Origin of parody
synonym study for parody
OTHER WORDS FROM parodypar·o·di·a·ble, adjectiveself-par·o·dy, noun, plural self·-par·o·dies.un·par·o·died, adjective
How to use parody in a sentence
Mark Raffman’s famed for getting ink with parodies of “Be Our Guest,” as he did yet again just last week, but this week he taps “Stairway to Heaven,” anagrammed to “I Vote, He Rants Away.”Style Conversational Week 1420: Back to the vocal point|Pat Myers|January 21, 2021|Washington Post
That no one under the age of, say, 30 would have any clue what Rudd and Poehler were parodying.
He was parodying what was called in those days the folk music boom.Before the Earthquake Hit: When The Beatles Landed in America|Michael Tomasky|January 29, 2014|DAILY BEAST
Is Shriver parodying this hardened genre—hysterical realism—or is she re-creating it?
Given the success of his “Imagine,” perhaps Cain should consider extending his Beatle-parodying ways on the campaign.
In honor of Rosh Hashanah, watch viral videos parodying hits by Kanye West, Shakira, LMFAO, and more—all with a kosher twist.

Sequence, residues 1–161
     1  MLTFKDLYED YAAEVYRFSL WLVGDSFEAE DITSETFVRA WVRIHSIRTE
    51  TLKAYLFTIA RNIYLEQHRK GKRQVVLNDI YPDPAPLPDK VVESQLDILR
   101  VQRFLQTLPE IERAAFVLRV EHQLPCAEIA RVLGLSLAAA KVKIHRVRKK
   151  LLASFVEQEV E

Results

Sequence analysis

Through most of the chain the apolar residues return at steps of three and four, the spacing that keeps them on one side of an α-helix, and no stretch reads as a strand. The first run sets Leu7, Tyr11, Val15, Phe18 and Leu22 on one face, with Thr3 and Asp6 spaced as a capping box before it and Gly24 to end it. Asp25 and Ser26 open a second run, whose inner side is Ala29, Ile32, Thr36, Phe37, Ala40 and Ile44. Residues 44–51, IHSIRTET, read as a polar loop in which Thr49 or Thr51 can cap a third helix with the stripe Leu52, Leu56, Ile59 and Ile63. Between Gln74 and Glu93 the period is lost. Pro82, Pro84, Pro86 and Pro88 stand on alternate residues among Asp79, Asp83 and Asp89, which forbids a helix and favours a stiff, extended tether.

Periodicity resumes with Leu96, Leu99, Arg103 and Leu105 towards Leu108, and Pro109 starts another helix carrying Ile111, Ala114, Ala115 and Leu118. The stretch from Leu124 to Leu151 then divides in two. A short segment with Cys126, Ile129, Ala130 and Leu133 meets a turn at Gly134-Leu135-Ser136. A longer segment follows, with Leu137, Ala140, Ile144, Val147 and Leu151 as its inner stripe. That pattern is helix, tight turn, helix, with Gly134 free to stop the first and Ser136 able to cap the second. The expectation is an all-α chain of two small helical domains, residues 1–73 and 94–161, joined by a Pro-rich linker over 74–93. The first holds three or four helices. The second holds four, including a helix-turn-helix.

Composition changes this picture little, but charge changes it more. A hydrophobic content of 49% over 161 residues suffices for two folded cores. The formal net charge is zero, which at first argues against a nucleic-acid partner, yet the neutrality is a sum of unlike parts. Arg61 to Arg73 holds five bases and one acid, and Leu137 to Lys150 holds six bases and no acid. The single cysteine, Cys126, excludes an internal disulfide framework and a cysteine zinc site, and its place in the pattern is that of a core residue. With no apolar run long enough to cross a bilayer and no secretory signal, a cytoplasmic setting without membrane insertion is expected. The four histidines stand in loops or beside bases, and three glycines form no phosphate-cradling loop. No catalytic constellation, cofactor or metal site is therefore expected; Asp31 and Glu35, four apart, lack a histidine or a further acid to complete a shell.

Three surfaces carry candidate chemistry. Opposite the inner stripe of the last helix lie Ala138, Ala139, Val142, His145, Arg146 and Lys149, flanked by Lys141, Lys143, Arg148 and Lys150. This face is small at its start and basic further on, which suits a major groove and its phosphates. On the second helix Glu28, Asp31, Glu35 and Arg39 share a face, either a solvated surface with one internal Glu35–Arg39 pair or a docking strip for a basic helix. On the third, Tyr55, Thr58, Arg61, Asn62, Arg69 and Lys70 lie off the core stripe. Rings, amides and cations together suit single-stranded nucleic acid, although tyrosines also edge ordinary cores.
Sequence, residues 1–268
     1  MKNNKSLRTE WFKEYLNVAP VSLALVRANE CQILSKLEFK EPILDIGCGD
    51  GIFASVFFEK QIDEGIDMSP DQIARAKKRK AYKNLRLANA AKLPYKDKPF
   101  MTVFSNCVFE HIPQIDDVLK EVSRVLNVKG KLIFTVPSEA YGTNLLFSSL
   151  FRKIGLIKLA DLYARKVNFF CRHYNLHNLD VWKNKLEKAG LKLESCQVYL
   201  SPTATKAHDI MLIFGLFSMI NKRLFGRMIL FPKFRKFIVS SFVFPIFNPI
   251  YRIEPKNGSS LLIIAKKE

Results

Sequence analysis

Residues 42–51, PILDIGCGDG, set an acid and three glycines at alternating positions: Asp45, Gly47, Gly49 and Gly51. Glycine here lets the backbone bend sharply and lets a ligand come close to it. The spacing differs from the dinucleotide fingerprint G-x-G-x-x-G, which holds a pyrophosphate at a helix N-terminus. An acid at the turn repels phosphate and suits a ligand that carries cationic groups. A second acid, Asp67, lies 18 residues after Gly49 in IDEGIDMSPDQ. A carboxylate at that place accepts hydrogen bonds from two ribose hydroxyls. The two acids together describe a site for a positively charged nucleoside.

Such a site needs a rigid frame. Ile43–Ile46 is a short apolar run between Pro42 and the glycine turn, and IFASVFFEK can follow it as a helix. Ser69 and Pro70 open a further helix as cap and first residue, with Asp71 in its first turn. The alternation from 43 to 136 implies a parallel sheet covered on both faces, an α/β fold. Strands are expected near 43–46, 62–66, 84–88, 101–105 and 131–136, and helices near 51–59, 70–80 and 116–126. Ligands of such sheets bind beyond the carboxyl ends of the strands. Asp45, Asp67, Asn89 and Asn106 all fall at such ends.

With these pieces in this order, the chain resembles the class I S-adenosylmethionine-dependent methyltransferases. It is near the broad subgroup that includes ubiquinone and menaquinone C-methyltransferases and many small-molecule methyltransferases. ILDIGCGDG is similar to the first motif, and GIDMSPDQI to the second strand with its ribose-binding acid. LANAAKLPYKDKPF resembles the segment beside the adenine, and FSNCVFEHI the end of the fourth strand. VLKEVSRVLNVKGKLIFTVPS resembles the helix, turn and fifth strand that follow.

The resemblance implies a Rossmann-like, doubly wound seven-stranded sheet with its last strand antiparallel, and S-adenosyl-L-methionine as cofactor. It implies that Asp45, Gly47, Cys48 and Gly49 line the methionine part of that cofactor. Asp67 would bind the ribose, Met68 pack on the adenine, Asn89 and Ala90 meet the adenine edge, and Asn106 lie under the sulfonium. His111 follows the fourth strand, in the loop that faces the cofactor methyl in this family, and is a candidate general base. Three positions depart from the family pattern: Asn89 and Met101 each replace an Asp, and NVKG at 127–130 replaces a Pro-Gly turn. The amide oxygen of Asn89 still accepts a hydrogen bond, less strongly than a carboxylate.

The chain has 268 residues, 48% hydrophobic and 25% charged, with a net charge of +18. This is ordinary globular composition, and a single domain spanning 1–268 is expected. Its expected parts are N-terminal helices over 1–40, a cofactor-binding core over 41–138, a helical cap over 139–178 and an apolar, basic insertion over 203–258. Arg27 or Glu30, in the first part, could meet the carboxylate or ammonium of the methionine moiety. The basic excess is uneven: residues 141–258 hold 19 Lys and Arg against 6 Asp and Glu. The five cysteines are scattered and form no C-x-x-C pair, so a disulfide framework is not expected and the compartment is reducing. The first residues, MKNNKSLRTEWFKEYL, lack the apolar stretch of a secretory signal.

"Les femmes se suivent et se ressemblent toujours," said I, parodying a well-known apothegm.In the Days of My Youth|Amelia Ann Blandford Edwards
Parodying the equivocal compliment, I may say that though Uncle Jack was no giant, there was nothing lost in him.The Caxtons, Complete|Edward Bulwer-Lytton
He shrieked: 'Hic hocus pocus,' parodying the 'Hoc corpus meum' of the Mass.The Fifth Queen|Ford Madox Ford
Also, while we're parodying maxims, it's a wise author that knows his own play on its first night.The Footlights Fore and Aft|Channing Pollock
Even the independent opera buffa preserved much of this parodying reference to the opera seria.Life Of Mozart, Vol. 1 (of 3)|Otto Jahn
British Dictionary definitions for parody
Derived forms of parodyparodic (pəˈrɒdɪk) or parodical, adjectiveparodist, noun
Word Origin for parody
Cultural definitions for parody
In art, music, or literature, a satire that mimics the style of its object.